Outside of extended cable programs explicitly centering queer narratives, few narrative television shows highlighted out and unapologetic Black LGBTQ characters the way HBO’s “True Blood” did with Nelsan EllisLafayette Reynolds. The Undefeated culture critic Soraya Nadia McDonald pays respects to Ellis, who The Hollywood Reporter notes died of heart failure at age 39 on Saturday (July 8), and his contributions to the television landscape in a new retrospective essay

McDonald emphasizes how Ellis—a Julliard graduate raised in Alabama, two states away from “True Blood’s” rural Louisiana setting—gave life to a complex depiction of Black queerness that contrasted with the era’s cultural and political context:

His short-order cook who moonlighted as a drug and vampire blood dealer was enticing and bawdy, femme and butch, learned and country AF. He was open and unapologetic about his love of sex and the male form while living in the tiny fictional town of Bon Temps, Louisiana—the type of place where it’s not necessarily safe to be gay, or Black, and certainly not both at the same time.

As Lafayette, Ellis expanded the country’s collective imagination of what a queer black man could look, sound and act like, starting just months before California passed Proposition 8, which banned same-sex marriage, and years before President Barack Obama announced an “evolution” in his thinking about gay rights. And for queer Black people, he was a reflection of a truth rarely seen on screens big or small, especially after the Logo series “Noah’s Arc” went off the air in 2006.

McDonald cites one specific scene, where Reynolds confronts homophobic White men, as emblematic of the character’s strongest traits:

My favorite scene of Ellis’ is also one of his most famous. It’s from episode five of the first season of “True Blood,” when a customer at Merlotte’s, the restaurant where Lafayette works, sends his burger back to the kitchen because, he tells his waitress, he doesn’t want a burger with “AIDS.”

Lafayette, fully and perfectly made up despite sweating over a hot stove, pulls his earrings off and comes swaggering out of the kitchen, head wrapped in his glittery take on Louisiana’s famous tignons. His body is a mass of gender-nonconforming contradictions: From the neck up, he’s practically coquettish, but he’s wearing a tank top that shows off his toned biceps, black Timbs and camo shorts that hang off his butt, held just so by a belt perhaps best described as ghetto fabulous.

Lafayette delivers a read in his signature Louisiana drawl, informed by Ellis’ childhood spent growing up in Bessemer, Alabama: “’Scuse me,” he says. “Who ordered the hamburger with AIDS?”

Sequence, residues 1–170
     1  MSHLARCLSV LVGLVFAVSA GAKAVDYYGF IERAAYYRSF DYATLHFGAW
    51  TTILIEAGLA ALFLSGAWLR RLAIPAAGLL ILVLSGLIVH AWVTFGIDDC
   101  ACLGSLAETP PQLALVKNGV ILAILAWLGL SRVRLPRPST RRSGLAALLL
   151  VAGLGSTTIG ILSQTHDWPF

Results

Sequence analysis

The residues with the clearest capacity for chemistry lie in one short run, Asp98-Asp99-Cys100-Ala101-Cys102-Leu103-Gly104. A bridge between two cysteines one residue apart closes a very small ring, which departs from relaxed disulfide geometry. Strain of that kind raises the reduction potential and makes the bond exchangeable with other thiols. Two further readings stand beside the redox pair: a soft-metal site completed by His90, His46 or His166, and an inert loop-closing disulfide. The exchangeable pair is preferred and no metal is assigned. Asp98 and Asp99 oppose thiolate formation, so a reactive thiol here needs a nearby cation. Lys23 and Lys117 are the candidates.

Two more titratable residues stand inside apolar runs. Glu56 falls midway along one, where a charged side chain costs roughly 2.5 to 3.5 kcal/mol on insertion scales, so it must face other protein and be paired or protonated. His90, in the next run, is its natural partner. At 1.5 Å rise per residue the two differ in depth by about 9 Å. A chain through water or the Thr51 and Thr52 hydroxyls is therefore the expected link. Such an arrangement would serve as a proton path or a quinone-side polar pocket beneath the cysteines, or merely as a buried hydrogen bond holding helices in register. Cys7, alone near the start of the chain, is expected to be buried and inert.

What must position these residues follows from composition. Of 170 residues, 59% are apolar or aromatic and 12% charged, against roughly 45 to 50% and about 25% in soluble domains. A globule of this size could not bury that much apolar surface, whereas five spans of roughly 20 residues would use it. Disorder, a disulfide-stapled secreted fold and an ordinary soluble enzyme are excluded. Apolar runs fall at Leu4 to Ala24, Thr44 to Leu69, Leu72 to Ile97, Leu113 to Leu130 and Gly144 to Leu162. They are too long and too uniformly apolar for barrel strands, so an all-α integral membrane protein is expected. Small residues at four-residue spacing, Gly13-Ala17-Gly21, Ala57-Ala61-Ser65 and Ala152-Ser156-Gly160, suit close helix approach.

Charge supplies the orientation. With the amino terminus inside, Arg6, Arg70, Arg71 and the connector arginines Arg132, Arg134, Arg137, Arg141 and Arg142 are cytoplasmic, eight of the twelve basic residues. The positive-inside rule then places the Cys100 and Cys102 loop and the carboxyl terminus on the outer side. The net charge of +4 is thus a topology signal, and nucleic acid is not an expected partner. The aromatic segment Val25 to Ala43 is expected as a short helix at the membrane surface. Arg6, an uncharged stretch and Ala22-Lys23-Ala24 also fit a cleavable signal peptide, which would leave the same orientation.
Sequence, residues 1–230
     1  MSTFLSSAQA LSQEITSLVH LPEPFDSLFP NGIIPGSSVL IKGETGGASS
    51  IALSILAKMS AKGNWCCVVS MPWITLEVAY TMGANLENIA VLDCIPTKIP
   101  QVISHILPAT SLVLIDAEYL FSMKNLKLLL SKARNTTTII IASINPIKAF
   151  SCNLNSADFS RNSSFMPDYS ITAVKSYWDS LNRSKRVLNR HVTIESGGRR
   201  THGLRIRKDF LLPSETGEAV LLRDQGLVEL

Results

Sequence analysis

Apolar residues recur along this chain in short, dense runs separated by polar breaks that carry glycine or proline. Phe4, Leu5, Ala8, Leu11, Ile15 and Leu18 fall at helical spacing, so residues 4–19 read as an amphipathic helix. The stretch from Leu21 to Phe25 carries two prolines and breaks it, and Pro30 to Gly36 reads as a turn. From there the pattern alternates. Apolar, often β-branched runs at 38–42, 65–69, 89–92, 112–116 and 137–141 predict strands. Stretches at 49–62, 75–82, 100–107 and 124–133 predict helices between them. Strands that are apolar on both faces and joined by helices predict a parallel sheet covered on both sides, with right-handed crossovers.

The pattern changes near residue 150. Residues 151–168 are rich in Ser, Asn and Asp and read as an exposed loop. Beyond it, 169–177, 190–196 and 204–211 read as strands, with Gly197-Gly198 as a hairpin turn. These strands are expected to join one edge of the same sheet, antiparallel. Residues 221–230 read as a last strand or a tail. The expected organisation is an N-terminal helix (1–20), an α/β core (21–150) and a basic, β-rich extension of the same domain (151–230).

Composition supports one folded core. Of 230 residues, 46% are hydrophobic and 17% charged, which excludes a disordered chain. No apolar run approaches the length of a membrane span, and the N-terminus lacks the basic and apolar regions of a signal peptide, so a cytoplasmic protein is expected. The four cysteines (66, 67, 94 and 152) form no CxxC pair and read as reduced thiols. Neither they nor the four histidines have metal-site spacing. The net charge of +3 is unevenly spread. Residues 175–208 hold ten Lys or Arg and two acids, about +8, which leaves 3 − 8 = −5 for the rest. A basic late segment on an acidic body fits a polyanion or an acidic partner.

“I ordered a hamburger deluxe,” the customer responds.

“In this restaurant, a hamburger deluxe come wit’ french fries, lettuce, tomato, mayo—and AIDS,” Lafayette says, raising his voice. “Do anybody got a problem with that?” 

“Yeah,” says the customer. “I’m an American. I got a say in who makes my food.”

“Well, baby, it’s too late for that,” Lafayette retorts. “F*****s been breeding your cows, raising your chickens, even brewing your beer long before I walked my sexy a** up in this m*****f*****. Everything on your got-damn table got AIDS.”

Lafayette’s altercation with the customer gets physical. “B****, you come in my house, you gon’ eat my food the way I f***ing make it!” he bellows. “Do you understand me?”

And just as swiftly, his temper recedes. “Tip your waitress,” he says before sauntering back to the kitchen, every set of eyes in the restaurant on him.

The writer also touches on Ellis’ other roles in films like “Get On Up” and “Little Boxes” before quoting his previous comments to Vibe about the pigeonholing often impacts Black character actors: 

It annoys me when the industry people are like that, but I can’t just get upset with regular folk because all they see is the character. But when the industry can’t tell the difference, I’m like, “Damn that’s a little closed minded,” because when White people play a character people expect it to be a character. But Black people—we can’t just be character actors, we have to [really] be the things we’re hired for, which is what offends me. I don’t answer that question, “Are you gay or not,” when it comes down to industry people. But if it’s a regular person asking me, that just says that maybe I’m doing a good job. But when a casting director or an agent asks me that question it takes on a deeper thing that says, “I can’t believe you’re doing this unless you are that.”

Read the full essay over at TheUndefeated.com.